Thursday, April 22, 2010

For Earth Day...the Sun

Happy Earth Day.

Judging from the behavior of some of my neocon colleagues, today is a great day to poke fun at the global environmental movement, make crude jokes, and (once again) tell me
how global warming is all fiction.

Sometimes it is all I can do just to smile and hold my tongue. But, we non-neocons have
our environmental humor too.

And Earth Day is not without its element of consumerism as well (a sure sign that it is starting to become part of mainstream consciousness).
Wal-Mart is suddenly big on Earth Day. The release of the Blu-Ray/DVD of Avatar was purposely scheduled for today. (I'm not going to purchase it, however, because even though I think the film is visually stunning this release has no bonus features - which means a "collector's edition" might be out by Christmas.)

The idea of celebrating the natural world and our efforts to preserve it in spite of humanity's long history of exploitation and disruption of the air we breathe and the water we drink and every other conceivable resource on the planet seems worthy to me. Almost sacred. But, to others it is just another example of
weak-minded liberal intrusion on our God-given right of "dominion over the earth." One of the stupidest aspects of our Judeo-Christian heritage.

The neocon perspective seems to be, to paraphrase Barry Goldwater, pollution in the defense of domination is no vice. Idiots.

At any rate, on this day when people like me pause to reflect upon their respect for the natural world, on the writings of Thoreau and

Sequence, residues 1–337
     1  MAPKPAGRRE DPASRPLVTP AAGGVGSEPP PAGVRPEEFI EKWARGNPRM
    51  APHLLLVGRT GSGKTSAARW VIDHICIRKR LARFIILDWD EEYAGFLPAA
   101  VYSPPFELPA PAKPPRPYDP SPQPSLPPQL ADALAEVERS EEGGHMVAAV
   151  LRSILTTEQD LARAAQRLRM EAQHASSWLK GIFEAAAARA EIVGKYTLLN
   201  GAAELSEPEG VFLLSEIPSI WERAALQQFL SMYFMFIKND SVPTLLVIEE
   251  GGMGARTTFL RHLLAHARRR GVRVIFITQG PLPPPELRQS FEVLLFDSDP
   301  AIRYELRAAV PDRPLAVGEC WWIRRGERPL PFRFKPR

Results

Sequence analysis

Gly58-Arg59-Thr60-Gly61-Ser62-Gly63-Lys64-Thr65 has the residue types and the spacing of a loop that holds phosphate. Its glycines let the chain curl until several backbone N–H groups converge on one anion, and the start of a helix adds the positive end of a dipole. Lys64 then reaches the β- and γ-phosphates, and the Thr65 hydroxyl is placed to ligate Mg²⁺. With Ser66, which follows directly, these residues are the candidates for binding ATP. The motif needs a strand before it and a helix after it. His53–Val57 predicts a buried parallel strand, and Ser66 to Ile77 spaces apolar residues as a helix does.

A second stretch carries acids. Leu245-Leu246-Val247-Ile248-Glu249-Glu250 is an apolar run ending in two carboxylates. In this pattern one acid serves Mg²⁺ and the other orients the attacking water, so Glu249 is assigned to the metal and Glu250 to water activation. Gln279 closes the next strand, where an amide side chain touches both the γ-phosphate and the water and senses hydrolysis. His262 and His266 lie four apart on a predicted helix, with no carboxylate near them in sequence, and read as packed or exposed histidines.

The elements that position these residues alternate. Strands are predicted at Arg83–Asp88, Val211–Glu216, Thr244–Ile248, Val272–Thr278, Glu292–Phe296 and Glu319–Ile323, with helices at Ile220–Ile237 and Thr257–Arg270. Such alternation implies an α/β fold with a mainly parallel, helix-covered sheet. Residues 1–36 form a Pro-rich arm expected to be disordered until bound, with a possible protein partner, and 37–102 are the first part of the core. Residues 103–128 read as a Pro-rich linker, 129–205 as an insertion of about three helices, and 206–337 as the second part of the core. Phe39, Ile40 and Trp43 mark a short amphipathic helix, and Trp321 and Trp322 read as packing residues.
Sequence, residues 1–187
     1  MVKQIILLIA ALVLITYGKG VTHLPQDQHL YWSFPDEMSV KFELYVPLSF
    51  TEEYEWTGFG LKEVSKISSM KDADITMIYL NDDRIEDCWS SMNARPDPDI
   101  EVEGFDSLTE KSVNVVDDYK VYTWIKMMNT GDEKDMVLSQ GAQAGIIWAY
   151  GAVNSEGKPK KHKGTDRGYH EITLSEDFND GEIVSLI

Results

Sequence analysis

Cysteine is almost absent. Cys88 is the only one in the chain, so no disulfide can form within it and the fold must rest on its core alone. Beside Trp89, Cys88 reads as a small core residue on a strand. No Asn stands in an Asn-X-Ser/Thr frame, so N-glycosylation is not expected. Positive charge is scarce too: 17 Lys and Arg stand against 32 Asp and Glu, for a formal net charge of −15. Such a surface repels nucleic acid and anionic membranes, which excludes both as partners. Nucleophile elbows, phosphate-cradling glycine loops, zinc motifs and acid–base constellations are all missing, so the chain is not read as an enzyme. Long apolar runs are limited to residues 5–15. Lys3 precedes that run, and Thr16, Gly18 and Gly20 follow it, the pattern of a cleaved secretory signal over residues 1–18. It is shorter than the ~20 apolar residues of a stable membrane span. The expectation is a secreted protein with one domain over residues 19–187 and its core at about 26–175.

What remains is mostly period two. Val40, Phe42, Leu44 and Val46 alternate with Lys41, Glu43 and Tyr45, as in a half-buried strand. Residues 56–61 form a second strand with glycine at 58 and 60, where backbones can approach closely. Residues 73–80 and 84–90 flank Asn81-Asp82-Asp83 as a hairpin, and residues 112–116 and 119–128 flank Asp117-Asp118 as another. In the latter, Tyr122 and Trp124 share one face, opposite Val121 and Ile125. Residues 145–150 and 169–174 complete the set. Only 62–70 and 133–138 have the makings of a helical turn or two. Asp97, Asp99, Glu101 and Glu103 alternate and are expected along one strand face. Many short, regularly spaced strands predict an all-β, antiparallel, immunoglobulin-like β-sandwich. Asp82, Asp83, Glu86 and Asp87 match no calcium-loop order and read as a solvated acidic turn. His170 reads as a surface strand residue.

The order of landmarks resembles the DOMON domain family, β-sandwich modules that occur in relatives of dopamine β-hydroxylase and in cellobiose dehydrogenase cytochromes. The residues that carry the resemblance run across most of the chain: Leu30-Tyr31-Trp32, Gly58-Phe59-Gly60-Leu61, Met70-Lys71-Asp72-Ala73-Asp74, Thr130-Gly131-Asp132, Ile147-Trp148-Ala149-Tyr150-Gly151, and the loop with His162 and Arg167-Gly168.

Rachel Carson and others, I find that my thoughts extend beyond the earthly realm to our neighboring star.

Yesterday, NASA released
some extraordinary images of the Sun taken from a new telescope, the Solar Dynamics Observatory. This sort of stuff fascinates me. In both video and still photo imagery, we now see our Sun in ways no one ever has before. I feel fortunate to be around to witness it.

Some 93 million miles away,
our Sun is so distant that we can't even see it as it is in this present moment. We only see it and feel its life-giving warmth as it was 8 minutes ago. This distance provides us with a basic measuring unit for astronomy...1 AU.

Distances like that have always contained some sort of inspiration for me. Obviously, not because of how infinitesimal the vastness of space makes our own lives and planet. If anything, within the human realm space must be judged in the context of the rather essential prejudice that human beings and our environment are important.

The inspiration I find in the distances of space, rather, comes from simply being able to know them and to experience them as a great openness to which we are, however small, directly connected (we are all made of stardust) and can somehow intimately share. For me, space is not something abstract and cold and gigantic so much as it is a cherished experience of who I am as a person.

The new imagery of our Sun is something I appreciate not as something apart from me, though it clearly is rationally something that is happening without the least relation to me or, indeed, to our Earth as a whole. Rather, I am appreciative of these images strictly for selfish reasons. They enhance my joy of being alive and of knowing and learning.

To that extent, seeing our Sun in this new light touches the perpetual youthful qualities of my Being. That is likely an alien experience for the typical citizen of the American mall crowd. But, I won't be too critical of that today. It's
Earth Day, after all. And time for the neocons to make the stupid jokes.

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